Among the first people who found him was his paternal uncle, Neliappa Aiyar of Manamadurai. He made every effort to take his nephew to Manamadurai, but the young sage did not react. He showed no interest in the visitor. Then the disappointed Neliappa Iyar returned to Manamadurai. However, he told the news to Alagammal, Ramana’s mother.

The mother came to Tiruvannamalai accompanied by the eldest son Nagaswami. Ramana was then living in Pavalakunra on the eastern slope of Arunachala. With tears, Alagammal begged Ramana to leave with her. But for the sage, there was no turning back. Nothing touched him – not even the mournful sobs of his mother.

He sat motionlessly and was silent. One of the devotees, who had watched his mother suffer for several days, asked Ramana to at least write down on paper what he wanted to say.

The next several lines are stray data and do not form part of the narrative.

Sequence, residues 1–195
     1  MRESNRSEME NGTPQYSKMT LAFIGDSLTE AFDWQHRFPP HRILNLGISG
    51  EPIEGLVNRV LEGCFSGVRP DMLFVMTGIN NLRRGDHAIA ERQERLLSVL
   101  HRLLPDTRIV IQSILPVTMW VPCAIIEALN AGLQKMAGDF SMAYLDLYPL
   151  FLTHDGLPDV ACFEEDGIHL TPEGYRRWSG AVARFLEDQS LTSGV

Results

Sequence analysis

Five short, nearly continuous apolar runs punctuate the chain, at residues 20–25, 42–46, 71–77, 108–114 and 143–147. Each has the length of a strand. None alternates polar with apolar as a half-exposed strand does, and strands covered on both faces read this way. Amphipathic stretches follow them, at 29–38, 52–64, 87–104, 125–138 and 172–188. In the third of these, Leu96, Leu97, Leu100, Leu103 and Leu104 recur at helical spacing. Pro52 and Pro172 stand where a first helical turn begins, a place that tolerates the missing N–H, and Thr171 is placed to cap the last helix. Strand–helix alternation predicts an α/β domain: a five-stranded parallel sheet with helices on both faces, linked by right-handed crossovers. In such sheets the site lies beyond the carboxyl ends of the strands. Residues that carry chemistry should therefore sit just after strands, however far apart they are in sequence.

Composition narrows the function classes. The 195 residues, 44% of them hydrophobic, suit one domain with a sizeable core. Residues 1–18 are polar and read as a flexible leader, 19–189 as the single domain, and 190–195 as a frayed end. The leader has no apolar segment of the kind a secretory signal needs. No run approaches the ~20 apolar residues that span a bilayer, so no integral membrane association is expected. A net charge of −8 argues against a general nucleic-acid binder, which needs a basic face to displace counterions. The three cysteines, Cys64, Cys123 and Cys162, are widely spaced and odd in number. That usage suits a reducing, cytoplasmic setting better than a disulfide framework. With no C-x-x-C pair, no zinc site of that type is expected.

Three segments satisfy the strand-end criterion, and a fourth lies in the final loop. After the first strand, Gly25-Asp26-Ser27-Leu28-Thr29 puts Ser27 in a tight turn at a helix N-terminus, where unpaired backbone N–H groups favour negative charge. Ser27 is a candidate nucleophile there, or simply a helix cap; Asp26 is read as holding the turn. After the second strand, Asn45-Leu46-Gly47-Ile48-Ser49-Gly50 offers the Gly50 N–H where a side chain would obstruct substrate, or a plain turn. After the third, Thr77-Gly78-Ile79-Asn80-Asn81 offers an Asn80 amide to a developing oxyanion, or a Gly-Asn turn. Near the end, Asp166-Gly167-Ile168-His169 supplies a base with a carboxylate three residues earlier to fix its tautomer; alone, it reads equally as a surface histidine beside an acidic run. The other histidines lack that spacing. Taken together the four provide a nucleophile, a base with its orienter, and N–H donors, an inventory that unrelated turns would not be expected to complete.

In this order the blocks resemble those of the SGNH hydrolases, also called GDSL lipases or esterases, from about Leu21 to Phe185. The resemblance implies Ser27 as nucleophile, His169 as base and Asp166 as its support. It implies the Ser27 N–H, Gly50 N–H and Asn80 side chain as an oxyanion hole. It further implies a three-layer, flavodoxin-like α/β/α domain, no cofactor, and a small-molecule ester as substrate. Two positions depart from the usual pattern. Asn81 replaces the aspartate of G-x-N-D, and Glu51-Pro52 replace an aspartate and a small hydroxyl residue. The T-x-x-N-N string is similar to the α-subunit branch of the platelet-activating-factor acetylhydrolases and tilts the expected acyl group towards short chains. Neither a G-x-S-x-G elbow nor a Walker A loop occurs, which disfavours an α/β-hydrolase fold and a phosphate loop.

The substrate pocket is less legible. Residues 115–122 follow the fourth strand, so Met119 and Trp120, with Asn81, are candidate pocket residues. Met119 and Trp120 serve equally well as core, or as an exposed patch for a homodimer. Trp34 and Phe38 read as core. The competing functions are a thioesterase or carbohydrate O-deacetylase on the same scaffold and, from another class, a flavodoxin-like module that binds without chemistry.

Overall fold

Sri Ramana Maharshi and his mother

Disappointed, the mother returned to Manamadurai. Sometime after this, Ramana began to live in caves on the slopes of Arunachala. The Virupaksha Cave, where Ramana lived the longest (17 years), is located on the southwestern slope.

For the first few years, Ramana was silent most of the time. His radiance attracted a group of followers to him. Not only seekers of Truth, but also ordinary people, children, and even animals used to come near his presence. Small children from the city climbed the mountain to the Virupaksha cave, sat next to him, played next to him, and returned home happy. Squirrels and monkeys came and fed on his hands.